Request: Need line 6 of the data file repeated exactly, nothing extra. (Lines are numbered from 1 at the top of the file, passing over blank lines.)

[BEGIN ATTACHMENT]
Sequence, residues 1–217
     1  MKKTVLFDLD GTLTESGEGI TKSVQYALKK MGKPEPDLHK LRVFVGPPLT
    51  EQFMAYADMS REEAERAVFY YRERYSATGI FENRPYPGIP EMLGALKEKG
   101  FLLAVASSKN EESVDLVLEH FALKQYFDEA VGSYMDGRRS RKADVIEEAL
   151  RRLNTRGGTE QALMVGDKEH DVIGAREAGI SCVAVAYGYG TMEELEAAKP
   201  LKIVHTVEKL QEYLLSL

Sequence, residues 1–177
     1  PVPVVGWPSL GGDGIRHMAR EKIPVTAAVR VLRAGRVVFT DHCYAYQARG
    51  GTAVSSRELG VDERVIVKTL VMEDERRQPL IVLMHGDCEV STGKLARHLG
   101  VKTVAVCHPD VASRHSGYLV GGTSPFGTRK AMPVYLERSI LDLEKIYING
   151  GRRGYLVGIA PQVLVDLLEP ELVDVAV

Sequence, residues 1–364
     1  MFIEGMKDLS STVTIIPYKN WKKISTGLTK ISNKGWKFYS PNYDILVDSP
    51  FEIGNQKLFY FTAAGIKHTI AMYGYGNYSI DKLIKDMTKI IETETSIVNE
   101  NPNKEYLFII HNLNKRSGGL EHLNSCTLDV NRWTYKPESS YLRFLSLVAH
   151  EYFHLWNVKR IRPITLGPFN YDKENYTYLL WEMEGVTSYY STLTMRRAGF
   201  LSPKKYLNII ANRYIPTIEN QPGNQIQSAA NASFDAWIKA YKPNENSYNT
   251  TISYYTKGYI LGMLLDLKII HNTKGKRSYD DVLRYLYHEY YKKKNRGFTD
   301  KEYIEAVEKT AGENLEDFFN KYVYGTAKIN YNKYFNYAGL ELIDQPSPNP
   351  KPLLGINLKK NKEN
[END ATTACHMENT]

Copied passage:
   201  LKIVHTVEKL QEYLLSL